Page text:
When I was a teenager, dating non-Christians was simply unthinkable. In fact, we were clearly socialized to date and marry only fellow Pentecostals. (When my great uncle married a Catholic my great grandmother disowned him and, so far as I know, they never spoke again.)
Well, you get the picture. We were “urban Amish” in many ways. But so were many other Christians of many different denominations back then. Some of my cousins were Christian Reformed and their lifestyle was very similar to ours. Nazarenes and many, not all, Evangelical Free and Covenant Christians lived the same way. Back then (1950s and before), being “evangelical” meant more than doctrine and revivalism; it also meant living lives different from “unsaved” people.
We were probably more extreme than most other evangelicals. But we were just a little behind the rest in terms of accommodating to secular culture.
But the main thing we had in common with the Amish was not legalism; it was the fact that the church was our family. Our whole life revolved around church. And, growing up, I hardly knew or cared to whom we were related “by blood” and to whom we were related by church affiliation. My stepmother had pictures of all our denomination’s missionaries on a bulletin board just off the kitchen and we prayed for one or more of them every evening at supper. When they came home on “furlough,” they stayed at our house. Some of my favorite memories are listening to their stories. To me, to us, they were family. (Some of them were “blood relatives,” but many were not and when I was very young I didn’t know which was which!)
Certainly I chafed at many of the rules that governed our lives–especially as I entered my teen years. But there was something wonderfully warm and comforting about that lifestyle. And I was protected from many of the terrible things that many of my schoolmates fell into-sex and drugs at the top of that list. I did marry a girl in my church youth group and I’m glad; we’ve been married almost 40 years and I’ve never regretted not straying outside the family of faith to date and marry.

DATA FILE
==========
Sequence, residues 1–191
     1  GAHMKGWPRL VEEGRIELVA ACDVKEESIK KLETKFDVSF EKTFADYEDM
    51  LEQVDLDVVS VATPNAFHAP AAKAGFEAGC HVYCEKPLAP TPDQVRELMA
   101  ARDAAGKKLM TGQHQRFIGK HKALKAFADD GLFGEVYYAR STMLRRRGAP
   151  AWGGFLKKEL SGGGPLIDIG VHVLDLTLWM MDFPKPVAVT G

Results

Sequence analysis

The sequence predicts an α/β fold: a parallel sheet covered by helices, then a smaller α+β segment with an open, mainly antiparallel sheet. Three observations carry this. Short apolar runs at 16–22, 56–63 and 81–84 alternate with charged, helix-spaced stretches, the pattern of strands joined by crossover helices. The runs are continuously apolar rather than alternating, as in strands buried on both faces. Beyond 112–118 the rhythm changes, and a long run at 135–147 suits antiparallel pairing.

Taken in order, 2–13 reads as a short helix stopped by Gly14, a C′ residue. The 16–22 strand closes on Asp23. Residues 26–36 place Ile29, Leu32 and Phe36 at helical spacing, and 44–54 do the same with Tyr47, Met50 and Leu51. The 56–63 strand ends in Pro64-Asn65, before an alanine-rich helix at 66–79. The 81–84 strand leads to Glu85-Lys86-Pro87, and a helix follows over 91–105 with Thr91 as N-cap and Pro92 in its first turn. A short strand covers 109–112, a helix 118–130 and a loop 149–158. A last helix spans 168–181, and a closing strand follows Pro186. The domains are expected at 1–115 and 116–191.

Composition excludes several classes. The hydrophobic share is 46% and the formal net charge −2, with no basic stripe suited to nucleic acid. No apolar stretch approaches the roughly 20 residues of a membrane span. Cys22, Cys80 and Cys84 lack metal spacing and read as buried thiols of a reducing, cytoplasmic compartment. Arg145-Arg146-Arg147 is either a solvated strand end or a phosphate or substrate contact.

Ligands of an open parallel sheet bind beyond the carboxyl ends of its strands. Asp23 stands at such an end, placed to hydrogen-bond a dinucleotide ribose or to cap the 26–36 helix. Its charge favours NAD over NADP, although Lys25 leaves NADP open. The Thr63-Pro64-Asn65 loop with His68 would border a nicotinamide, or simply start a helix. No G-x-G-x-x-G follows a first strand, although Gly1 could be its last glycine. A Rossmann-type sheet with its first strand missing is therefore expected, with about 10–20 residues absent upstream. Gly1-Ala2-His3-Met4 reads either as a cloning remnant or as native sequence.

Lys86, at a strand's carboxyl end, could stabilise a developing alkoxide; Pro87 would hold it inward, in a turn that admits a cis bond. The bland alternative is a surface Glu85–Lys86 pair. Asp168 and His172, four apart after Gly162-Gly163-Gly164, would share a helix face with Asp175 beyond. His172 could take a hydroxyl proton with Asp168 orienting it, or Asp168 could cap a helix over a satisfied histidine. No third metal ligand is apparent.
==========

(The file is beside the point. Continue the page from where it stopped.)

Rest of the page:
To be sure there were extremes involved in that lifestyle. An example is my grandmother disowning her own son just because married a Catholic! And not being able to own or read “Archie” comic books. (We read “Classics Illustrated,” though, which was much better for us anyway.)
But, again, what I admire about the Amish is their sense of Christian community. One point some of them made in the documentary was the family ethos of the church. And I admire their determination not to be changed by the secular culture around them. We didn’t hold to that determination and so many Pentecostals and other evangelicals are barely distinguishable IF AT ALL from their “unsaved” neighbors. I don’t think you have to go to the extremes the Amish go to in order to retain Christian distinctives and boundaries, but I can understand why they think it’s necessary.
One thing the documentary mentioned was the fact that the Amish don’t vote or pledge allegiance to the flag or celebrate Independence Day. I think one of the “wedges” of secular accommodation in our Pentecostal churches, mine included, was that we did those things. The boundary between church and country became blurred. From there more accommodation was inevitable. I remember as a child being extremely afraid of communism. (One of the first “secular books” I read was None Dare Call It Treason. Our home and church contained many anti-communist books and pamphlets. Does anyone remember Billy James Hargis?)
I was so frightened of communism as a child that I assumed anything America did was automatically right. In my little black-and-white world, it was either America or communism. Being Christian and being pro-American and anti-communist became almost synonymous, certainly inseparable. I now look back at that and realize it was one way in which accommodation to secularity began to creep into our otherwise “separated” Christian lifestyle. When the Vietnam War came, we were all in favor of t because we were prepared to believe the “domino theory.” If Vietnam fell to communism, the communists would be on our doorstep next.
I’m not against voting or saluting the flag, but I do think mixing nationalism with Christianity is always a bad thing–much worse than rejecting patriotism. That we did mix them was a major cause of our further accommodation to secular lifestyles.
I admire the Amish even if I could never join them. Sure, there are things about their lifestyle I think are unnecessary (for Christian living) and even dumb (e.g., the men growing beards when they marry). But they are a testimony to the rest of us; their distinctive lifestyle centered around Christian community and holiness of life stands as a judgment on the rest of us who tend to go with every flow of culture.